University of Sydney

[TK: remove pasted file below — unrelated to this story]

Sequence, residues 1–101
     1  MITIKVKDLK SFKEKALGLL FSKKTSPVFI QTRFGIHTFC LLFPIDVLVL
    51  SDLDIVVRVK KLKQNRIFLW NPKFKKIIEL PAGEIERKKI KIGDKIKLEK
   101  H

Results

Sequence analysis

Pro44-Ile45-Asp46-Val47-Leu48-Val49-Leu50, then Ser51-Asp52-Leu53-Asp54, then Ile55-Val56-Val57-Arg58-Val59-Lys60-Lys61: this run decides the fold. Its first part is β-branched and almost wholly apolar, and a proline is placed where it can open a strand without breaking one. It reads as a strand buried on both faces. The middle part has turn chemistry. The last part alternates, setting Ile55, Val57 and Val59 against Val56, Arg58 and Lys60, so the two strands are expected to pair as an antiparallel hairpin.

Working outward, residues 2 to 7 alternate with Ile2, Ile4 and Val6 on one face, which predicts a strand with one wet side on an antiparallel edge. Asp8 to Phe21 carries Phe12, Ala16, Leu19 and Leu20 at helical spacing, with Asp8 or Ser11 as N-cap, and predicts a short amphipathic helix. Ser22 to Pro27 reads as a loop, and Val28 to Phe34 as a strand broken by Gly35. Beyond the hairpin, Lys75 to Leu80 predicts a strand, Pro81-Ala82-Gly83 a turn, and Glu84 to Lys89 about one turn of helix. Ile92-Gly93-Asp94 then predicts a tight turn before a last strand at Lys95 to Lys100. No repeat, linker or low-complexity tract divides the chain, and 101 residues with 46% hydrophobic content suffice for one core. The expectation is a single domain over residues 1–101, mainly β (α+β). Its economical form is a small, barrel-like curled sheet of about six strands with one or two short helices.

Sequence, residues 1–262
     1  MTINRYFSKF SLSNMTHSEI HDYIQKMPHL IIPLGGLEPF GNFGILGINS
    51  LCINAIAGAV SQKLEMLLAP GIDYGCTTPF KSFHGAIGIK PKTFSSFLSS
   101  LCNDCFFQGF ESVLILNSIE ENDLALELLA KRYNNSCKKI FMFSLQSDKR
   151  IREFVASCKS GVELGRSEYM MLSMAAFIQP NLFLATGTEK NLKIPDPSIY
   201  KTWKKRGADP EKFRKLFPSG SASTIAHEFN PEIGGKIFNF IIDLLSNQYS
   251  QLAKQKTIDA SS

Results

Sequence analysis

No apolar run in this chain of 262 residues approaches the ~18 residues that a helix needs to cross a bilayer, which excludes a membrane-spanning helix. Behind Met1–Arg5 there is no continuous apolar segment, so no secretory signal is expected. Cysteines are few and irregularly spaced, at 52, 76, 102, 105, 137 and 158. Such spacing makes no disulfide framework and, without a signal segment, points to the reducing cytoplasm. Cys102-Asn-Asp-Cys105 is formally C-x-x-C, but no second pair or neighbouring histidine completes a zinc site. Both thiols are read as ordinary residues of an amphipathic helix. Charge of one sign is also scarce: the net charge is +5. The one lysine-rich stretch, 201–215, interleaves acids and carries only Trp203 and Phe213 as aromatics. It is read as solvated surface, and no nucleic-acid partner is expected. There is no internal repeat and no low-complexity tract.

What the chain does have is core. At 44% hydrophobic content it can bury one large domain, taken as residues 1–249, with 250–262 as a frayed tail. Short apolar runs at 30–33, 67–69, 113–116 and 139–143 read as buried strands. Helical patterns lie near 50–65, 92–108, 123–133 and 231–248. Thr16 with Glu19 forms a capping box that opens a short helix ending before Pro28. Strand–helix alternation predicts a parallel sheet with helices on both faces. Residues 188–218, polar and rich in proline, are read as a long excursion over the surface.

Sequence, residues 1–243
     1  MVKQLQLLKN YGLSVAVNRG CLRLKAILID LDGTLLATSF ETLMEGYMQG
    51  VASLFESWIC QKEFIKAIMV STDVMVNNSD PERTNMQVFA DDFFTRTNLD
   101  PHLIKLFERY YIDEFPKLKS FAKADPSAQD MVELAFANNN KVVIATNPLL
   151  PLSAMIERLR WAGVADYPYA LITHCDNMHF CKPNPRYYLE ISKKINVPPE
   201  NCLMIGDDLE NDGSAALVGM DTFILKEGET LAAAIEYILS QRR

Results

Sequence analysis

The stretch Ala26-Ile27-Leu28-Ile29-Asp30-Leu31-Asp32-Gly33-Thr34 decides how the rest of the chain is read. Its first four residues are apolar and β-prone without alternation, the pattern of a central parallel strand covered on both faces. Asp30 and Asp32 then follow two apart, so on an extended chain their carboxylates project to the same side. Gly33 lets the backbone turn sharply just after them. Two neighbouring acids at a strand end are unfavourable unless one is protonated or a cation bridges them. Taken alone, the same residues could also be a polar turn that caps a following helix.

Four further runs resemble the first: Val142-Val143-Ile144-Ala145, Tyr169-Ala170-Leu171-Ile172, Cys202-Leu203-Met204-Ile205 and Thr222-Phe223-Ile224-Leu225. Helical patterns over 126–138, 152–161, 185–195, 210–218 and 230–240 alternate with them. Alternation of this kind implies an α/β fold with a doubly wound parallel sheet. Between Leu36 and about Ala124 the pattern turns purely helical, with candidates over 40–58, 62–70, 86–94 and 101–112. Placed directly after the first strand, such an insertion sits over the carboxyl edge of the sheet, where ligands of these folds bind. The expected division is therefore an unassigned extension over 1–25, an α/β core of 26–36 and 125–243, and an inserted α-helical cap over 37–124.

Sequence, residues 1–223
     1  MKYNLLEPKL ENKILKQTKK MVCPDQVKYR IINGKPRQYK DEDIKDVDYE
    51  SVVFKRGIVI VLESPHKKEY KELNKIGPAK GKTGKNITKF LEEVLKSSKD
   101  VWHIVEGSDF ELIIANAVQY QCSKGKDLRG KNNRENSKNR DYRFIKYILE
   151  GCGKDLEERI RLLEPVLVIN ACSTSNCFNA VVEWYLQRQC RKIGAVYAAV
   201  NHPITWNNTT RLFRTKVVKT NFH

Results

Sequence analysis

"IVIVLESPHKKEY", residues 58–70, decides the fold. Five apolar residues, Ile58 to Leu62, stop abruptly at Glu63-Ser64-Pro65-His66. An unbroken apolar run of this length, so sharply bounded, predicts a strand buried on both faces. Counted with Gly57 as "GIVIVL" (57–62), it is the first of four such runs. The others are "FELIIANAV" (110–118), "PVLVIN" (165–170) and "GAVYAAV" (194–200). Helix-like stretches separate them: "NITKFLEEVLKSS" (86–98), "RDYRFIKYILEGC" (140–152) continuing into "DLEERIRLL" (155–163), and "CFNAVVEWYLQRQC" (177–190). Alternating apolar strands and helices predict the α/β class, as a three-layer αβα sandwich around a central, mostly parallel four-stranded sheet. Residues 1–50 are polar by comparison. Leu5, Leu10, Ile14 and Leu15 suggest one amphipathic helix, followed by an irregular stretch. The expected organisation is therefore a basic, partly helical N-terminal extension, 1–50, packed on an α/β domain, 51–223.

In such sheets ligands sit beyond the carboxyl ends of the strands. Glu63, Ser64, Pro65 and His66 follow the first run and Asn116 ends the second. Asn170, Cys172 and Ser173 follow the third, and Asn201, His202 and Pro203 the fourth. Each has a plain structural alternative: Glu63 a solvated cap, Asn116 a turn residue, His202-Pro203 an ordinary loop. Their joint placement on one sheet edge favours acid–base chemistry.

Faculty of Science